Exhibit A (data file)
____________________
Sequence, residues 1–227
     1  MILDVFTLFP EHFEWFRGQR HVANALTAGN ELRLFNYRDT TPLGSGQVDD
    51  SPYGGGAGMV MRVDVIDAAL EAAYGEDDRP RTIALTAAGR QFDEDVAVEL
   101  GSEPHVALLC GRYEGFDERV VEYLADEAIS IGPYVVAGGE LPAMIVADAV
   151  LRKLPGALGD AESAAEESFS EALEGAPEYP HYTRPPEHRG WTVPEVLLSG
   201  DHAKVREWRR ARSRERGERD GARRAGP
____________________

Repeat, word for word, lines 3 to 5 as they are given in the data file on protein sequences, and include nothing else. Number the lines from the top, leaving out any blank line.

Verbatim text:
    51  SPYGGGAGMV MRVDVIDAAL EAAYGEDDRP RTIALTAAGR QFDEDVAVEL
   101  GSEPHVALLC GRYEGFDERV VEYLADEAIS IGPYVVAGGE LPAMIVADAV
   151  LRKLPGALGD AESAAEESFS EALEGAPEYP HYTRPPEHRG WTVPEVLLSG